Chronic Obstructive Pulmonary Disease (COPD)

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Chronic Obstructive Pulmonary Disease (COPD), a common preventable and treatable disease, is characterized by airflow limitation that is usually progressive and associated with an enhanced chronic inflammatory response in the airways and the lung to noxious particles or gases. Exacerbations and comorbidities contribute to the overall severity in individual patients.
COPD subtypes includes; emphysema, chronic bronchitis, and chronic obstructive asthma.
— Chronic bronchitis: Chronic bronchitis is defined as a chronic productive cough for three months in each of two successive years in a patient in whom other causes of chronic cough (eg, bronchiectasis) have been excluded.
— Emphysema: Emphysema is defined by abnormal and permanent enlargement of the airspaces distal to the terminal bronchioles that is accompanied by destruction of the airspace walls, without obvious fibrosis (ie, there is no fibrosis visible to the naked eye). Exclusion of obvious fibrosis was intended to distinguish the alveolar destruction due to emphysema from that due to the interstitial pneumonias. However, many studies have found increased collagen in the lungs of patients with mild COPD, indicating that fibrosis can be a component of emphysema. While emphysema can exist in individuals who do not have airflow obstruction, it is more common among patients who have moderate or severe airflow obstruction. The various sub-types of emphysema includes; proximal acinar, panacinar, distal acinar.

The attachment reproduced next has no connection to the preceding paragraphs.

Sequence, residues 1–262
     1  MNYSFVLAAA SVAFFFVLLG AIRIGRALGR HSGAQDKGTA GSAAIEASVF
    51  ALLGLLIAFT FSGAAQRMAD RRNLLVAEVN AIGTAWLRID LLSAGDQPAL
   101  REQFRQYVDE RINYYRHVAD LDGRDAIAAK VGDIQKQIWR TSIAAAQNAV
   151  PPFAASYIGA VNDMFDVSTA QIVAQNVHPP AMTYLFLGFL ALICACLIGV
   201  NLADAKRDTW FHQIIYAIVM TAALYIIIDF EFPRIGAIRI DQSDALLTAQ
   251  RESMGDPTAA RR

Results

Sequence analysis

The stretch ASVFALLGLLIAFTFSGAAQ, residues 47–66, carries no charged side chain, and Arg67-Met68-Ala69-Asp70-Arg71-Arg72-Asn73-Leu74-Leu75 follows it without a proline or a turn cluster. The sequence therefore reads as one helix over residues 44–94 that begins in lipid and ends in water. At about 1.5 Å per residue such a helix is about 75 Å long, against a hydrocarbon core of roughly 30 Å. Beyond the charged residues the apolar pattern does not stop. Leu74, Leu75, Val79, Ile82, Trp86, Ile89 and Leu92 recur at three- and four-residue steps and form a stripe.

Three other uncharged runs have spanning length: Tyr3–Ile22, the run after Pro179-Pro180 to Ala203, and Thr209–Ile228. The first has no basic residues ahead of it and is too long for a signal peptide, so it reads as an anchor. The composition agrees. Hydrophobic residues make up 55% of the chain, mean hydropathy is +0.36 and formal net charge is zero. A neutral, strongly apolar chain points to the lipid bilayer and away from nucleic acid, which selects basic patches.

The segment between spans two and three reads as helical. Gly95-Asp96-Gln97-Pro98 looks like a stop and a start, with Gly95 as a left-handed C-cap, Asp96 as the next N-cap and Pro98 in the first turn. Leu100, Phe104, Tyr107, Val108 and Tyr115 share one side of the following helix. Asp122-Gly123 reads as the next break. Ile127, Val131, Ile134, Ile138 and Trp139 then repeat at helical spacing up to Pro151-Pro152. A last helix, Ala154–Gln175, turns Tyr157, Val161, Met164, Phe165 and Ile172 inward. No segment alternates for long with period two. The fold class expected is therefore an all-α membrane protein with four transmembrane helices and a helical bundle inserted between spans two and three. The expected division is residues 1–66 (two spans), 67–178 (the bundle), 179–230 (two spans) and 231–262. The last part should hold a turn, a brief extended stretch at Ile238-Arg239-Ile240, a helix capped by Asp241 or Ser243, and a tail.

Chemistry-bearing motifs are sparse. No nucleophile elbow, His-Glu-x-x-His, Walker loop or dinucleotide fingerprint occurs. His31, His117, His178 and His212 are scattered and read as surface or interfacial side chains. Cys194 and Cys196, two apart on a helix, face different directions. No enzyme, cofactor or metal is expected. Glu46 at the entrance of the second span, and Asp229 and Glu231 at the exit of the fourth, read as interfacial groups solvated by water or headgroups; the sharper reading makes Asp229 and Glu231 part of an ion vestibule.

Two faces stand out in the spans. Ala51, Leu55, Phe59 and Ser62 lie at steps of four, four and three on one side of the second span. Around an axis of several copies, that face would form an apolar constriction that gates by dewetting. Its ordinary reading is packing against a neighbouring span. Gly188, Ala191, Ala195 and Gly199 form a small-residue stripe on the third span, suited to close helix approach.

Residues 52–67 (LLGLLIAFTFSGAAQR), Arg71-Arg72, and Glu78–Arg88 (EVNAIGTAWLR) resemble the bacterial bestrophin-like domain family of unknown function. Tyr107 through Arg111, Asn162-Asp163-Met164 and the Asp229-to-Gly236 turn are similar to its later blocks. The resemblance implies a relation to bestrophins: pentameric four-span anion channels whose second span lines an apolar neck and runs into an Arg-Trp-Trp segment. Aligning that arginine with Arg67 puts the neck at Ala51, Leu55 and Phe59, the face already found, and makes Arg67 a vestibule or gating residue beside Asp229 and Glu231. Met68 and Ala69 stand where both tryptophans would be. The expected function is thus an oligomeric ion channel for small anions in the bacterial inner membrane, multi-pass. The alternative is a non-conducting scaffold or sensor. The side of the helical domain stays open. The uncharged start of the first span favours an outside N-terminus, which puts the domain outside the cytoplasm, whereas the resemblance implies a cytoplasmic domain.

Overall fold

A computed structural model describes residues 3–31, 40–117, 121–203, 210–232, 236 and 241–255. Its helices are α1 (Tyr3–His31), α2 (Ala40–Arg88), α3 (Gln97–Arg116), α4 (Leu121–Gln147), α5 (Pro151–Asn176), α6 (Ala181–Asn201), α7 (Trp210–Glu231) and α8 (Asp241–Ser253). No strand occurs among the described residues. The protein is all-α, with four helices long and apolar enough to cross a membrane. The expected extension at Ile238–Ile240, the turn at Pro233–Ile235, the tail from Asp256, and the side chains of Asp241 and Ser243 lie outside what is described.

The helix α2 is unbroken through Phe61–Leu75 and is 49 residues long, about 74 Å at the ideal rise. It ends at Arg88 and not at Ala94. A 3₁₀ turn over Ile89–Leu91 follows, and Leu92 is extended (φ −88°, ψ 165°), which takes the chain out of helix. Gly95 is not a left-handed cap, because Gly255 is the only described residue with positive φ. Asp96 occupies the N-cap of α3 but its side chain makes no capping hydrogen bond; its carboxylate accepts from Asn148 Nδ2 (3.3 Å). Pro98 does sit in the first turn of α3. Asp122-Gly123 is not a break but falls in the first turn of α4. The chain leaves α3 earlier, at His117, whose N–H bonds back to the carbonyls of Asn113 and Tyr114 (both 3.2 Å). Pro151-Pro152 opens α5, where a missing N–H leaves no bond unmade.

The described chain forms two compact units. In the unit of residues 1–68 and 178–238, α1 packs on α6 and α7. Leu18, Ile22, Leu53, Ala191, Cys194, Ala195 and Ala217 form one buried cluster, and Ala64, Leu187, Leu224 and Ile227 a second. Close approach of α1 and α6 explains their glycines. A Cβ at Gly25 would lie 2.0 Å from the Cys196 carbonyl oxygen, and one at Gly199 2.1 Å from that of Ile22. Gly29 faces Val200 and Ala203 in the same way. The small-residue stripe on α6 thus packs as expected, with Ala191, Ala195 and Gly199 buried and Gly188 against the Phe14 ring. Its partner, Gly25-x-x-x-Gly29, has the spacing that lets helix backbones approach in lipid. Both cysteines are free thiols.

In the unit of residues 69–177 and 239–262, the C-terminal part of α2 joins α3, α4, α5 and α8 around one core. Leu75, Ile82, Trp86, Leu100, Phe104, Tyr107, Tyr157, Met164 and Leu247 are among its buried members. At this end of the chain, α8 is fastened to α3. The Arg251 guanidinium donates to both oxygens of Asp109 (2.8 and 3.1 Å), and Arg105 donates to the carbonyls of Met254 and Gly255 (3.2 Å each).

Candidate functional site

— Asthma: The Global Initiative for Asthma gives the following definition of asthma: “Asthma is a chronic inflammatory disorder of the airways in which many cells and cellular elements play a role. The chronic inflammation is associated with airway responsiveness that leads to recurrent episodes of wheezing, breathlessness, chest tightness, and coughing, particularly at night or in the early morning. These episodes are usually associated with widespread, but variable, airflow obstruction within the lung that is often reversible either spontaneously or with treatment.

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